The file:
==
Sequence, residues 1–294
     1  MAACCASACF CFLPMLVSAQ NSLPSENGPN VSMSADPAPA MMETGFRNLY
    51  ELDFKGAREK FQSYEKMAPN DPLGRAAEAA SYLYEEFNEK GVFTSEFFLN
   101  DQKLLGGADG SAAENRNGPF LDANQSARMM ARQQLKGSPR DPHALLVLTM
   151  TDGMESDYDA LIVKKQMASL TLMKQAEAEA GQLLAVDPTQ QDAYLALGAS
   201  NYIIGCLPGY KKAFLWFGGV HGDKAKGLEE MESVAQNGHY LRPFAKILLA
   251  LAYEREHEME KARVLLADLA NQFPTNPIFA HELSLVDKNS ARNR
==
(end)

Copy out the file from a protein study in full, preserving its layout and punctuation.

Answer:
Sequence, residues 1–294
     1  MAACCASACF CFLPMLVSAQ NSLPSENGPN VSMSADPAPA MMETGFRNLY
    51  ELDFKGAREK FQSYEKMAPN DPLGRAAEAA SYLYEEFNEK GVFTSEFFLN
   101  DQKLLGGADG SAAENRNGPF LDANQSARMM ARQQLKGSPR DPHALLVLTM
   151  TDGMESDYDA LIVKKQMASL TLMKQAEAEA GQLLAVDPTQ QDAYLALGAS
   201  NYIIGCLPGY KKAFLWFGGV HGDKAKGLEE MESVAQNGHY LRPFAKILLA
   251  LAYEREHEME KARVLLADLA NQFPTNPIFA HELSLVDKNS ARNR